Rhesus monkeys have an interoceptive sense of their beating hearts

Joey A Charbonneau, Lara Maister, Manos Tsakiris, Eliza Bliss-Moreau

Research output: Contribution to journalArticlepeer-review


The sensation of internal bodily signals, such as when your stomach is contracting or your heart is beating, plays a critical role in broad biological and psychological functions ranging from homeostasis to emotional experience and self-awareness. The evolutionary origins of this capacity and, thus, the extent to which it is present in nonhuman animals remain unclear. Here, we show that rhesus monkeys (Macaca mulatta) spend significantly more time viewing stimuli presented asynchronously, as compared to synchronously, with their heartbeats. This is consistent with evidence previously shown in human infants using a nearly identical experimental paradigm, suggesting that rhesus monkeys have a human-like capacity to integrate interoceptive signals from the heart with exteroceptive audiovisual information. As no prior work has demonstrated behavioral evidence of innate cardiac interoceptive ability in nonhuman animals, these results have important implications for our understanding of the evolution of this ability and for establishing rhesus monkeys as an animal model for human interoceptive function and dysfunction. We anticipate that this work may also provide an important model for future psychiatric research, as disordered interoceptive processing is implicated in a wide variety of psychiatric conditions.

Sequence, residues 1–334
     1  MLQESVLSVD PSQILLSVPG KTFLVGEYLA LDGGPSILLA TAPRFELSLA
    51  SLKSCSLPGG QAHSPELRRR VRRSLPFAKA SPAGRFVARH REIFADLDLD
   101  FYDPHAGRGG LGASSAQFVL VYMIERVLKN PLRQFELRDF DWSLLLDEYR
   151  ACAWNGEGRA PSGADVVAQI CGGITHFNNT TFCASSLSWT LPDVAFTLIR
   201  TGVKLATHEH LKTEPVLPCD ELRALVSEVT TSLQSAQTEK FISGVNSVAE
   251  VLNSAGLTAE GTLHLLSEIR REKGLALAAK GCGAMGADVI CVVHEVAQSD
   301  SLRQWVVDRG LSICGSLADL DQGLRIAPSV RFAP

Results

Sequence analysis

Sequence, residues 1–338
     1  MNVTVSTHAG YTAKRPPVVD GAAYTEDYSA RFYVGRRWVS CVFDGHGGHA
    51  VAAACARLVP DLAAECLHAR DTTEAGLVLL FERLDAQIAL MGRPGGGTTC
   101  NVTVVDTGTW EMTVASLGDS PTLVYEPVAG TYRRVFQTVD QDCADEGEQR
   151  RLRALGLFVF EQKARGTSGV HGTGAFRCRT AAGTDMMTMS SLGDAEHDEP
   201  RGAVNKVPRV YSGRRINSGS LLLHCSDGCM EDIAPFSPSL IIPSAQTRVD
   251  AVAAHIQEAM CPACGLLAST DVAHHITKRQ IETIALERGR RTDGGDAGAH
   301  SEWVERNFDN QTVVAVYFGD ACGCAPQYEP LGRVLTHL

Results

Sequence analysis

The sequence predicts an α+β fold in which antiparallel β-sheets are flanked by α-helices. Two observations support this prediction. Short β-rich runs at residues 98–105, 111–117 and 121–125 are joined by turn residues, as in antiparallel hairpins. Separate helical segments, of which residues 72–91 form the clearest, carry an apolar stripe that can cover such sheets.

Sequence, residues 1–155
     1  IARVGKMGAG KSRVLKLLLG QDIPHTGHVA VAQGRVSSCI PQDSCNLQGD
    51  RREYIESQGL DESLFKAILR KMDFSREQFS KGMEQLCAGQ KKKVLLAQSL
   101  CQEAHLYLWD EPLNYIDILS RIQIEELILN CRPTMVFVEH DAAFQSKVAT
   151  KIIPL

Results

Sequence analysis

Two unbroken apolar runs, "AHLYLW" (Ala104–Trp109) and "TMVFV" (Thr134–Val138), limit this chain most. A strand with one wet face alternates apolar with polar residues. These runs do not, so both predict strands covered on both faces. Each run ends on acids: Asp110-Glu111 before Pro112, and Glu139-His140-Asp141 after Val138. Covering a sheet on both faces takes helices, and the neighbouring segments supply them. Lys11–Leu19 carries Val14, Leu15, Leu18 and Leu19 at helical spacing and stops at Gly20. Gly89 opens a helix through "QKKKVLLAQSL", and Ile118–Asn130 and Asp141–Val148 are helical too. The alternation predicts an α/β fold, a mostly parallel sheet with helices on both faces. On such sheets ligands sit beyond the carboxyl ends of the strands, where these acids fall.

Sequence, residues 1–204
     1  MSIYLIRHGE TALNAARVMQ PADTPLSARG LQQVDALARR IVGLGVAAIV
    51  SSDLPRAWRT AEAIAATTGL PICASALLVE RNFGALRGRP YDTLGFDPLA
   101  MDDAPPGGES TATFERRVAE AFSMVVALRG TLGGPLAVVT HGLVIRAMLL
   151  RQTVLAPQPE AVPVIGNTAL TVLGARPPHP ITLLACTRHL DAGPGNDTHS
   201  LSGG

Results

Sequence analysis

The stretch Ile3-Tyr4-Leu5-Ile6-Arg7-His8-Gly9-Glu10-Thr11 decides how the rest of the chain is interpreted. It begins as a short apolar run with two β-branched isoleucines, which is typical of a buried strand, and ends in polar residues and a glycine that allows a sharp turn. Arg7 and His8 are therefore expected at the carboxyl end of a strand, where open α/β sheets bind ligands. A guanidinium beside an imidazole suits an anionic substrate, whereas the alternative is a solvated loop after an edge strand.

Original languageEnglish
Article numbere2119868119
JournalProceedings of the National Academy of Sciences of the United States of America
Issue number16
Publication statusPublished - 11 Apr 2022


  • Animals
  • Awareness
  • Heart
  • Heart Rate
  • Interoception
  • Macaca mulatta
  • Models, Animal

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